Government data highlights consumer issues – is there fair measure at the checkout?
The Chartered Trading Standards Institute (CTSI) welcomes the publication of the annual Section 70 of the Weights and Measures Act 1985 report data released from the Government’s Office for Product Safety and Standards (OPSS) on the enforcement of legal metrology.
CTSI is concerned that retailers have the second-lowest rate of weights and measures compliance, meaning that customers cannot be sure they are getting what they pay for. It is also worrying to see that medical institutions were among the least visited types of regulated entity during 2022-23, and that this year the rate of compliance for medical measuring equipment has fallen from 94% to 82%, meaning almost one fifth of equipment inspected was non-compliant – the highest rate of non-compliance.
However, while CTSI is pleased to see the data shows progress in some areas, it also illustrates that there is still much to be done to support Trading Standards in prioritising weights and measures work, which is fundamental to a safe and thriving economy. In order to protect consumers and ensure that businesses are competing fairly, the front-line must be properly resourced so that this important work can be prioritised and a realistic market assessment can be carried out.
In today’s cost-of-living crisis, it is crucial that UK consumers know they are getting what they pay for at the till, at petrol pumps, and from their energy supplier. Work to assure this relies entirely on the capacity of stretched local Trading Standards Services and it is the responsibility of Government, through OPSS, to ensure the national system for weights and measures is suitable and sufficient.
Reflecting these concerns, 14% of Trading Standards respondents to the Section 70 survey said the cost-of-living crisis made legal metrology a key concern. CTSI welcomes the 91% increase in officer studying the CTSI legal metrology module since 2012-13, especially the rise from 41 in 2020 to 112 in 2022-23. However, the number of UK legal metrology officers has still fallen by 26% since 2012-13, and there has been a decrease of 34% in legal metrology work carried out in local authorities since then. It is important that OPSS build further on the points of progress, and take urgent steps to identify where the gaps in enforcement and resources exist, then what needs to be done to improve protection for consumers and businesses.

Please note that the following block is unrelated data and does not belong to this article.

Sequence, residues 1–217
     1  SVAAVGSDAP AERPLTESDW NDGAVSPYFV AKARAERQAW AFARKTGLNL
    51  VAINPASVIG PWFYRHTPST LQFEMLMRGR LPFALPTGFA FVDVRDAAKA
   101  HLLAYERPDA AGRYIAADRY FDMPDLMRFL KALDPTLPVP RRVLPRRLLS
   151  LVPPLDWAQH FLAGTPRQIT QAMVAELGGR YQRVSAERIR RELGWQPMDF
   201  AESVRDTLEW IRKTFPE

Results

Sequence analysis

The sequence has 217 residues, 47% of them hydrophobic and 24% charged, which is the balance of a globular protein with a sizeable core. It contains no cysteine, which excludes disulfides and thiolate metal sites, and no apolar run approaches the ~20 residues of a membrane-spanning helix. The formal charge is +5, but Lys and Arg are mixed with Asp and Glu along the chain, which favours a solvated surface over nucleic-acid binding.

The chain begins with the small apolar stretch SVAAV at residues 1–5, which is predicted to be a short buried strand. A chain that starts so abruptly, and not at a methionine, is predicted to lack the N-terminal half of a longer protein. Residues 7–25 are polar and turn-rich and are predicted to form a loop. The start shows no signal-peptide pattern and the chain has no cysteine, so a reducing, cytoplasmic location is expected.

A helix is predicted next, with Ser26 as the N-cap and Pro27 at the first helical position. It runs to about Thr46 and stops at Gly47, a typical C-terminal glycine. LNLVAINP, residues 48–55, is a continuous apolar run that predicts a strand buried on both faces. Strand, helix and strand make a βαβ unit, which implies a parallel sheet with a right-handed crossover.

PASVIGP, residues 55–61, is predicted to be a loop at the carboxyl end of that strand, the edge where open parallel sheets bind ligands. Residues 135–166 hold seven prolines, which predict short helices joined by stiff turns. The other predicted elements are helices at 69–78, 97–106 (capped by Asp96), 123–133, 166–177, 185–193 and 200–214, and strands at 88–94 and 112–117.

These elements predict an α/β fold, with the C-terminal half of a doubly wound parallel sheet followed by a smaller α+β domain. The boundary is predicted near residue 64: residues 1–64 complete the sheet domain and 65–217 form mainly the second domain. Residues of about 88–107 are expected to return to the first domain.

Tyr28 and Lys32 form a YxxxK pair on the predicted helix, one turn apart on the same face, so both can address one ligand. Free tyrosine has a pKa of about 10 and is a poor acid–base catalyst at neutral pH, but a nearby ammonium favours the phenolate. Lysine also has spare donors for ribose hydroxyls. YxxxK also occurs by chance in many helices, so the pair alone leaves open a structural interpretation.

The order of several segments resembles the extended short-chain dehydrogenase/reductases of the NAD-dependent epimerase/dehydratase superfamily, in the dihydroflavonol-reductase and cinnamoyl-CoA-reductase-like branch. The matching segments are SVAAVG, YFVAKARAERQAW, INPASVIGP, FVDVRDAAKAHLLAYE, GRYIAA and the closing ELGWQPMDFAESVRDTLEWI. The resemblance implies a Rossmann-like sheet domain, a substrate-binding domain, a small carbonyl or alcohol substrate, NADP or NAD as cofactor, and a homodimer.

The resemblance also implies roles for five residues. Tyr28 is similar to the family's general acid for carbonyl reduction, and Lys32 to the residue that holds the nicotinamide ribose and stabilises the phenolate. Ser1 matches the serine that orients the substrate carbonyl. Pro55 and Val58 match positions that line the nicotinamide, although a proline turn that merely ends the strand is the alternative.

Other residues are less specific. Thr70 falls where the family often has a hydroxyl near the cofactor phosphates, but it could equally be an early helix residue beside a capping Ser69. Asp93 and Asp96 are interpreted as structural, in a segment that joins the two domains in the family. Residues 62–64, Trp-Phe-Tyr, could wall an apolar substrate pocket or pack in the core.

CTSI Chief Executive, John Herriman, commented: “It is great to see the publishing of this data by OPSS, as it offers insights about the state of play for legal metrology and Trading Standards enforcement across the country. We particularly welcome the news that CTSI can contribute to building training in legal metrology, to achieve a fairer deal for consumers. However, this data also demonstrates the need for further investment into legal metrology so that more weights and measures work can be carried out across the UK, particularly with the costly pressures of winter approaching which will hit those affected by the cost-of-living crisis the hardest.”
Lead Officer for Legal Metrology at CTSI, Daniel Maxim, added, “While it is good to see this data released, it presents a stark insight to the health of the UK legal metrology system. There can be no doubt that a great deal more needs to be done to resource and redevelop the robust system of protection consumers and businesses alike are entitled too.
“It is essential that OPSS urgently heeds these warning signs, in particular around cost-of-living pressures on consumers, low staffing capacity and the continued lack of any legal metrology activity by many Authorities, illustrated by the decline in compliance of patient weighing instruments. It is now essential that greater strategic co-ordination and resourcing be applied so that all elements of local and central Government can work effectively together to create a safe and fair environment for the public.”
Charles Pullen, President of the UK Weighing Federation, which represents UK weighing machine manufacturers, commented: “As a basic principle, consumers should be safe, and get what they pay for. This new data suggests this principle is at risk. Accurate weighing instruments are critical for consumer confidence and safety, but also for fair business practices. UK Weighing Federation companies welcome good regulation of our industry to ensure accuracy and quality, but recognise it is only helpful if it is properly enforced. Trading standards departments must be adequately resourced to carry out regular inspections of weights and measures equipment in every part of the country.”